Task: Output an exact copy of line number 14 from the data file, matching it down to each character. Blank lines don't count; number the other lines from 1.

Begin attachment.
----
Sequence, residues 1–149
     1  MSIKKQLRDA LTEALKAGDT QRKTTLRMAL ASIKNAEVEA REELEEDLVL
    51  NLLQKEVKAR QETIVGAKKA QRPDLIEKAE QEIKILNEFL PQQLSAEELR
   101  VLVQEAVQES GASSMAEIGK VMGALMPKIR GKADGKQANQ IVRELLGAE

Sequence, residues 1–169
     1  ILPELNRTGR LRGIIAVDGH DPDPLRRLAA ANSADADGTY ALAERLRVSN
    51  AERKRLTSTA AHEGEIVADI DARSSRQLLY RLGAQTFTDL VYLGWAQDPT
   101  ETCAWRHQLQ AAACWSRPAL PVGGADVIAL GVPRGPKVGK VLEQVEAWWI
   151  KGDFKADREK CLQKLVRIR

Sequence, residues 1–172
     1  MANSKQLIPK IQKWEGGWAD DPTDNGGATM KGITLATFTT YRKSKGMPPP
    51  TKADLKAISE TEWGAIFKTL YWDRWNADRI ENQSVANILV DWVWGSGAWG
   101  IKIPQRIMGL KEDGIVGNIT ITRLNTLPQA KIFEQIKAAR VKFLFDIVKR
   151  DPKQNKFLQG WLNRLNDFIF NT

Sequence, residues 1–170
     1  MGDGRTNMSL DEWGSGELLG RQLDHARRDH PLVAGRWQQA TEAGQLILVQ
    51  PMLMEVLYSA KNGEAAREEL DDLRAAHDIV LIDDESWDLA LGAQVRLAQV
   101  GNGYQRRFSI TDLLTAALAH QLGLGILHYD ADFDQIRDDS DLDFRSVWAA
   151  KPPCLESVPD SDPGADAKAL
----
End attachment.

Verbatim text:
   151  DPKQNKFLQG WLNRLNDFIF NT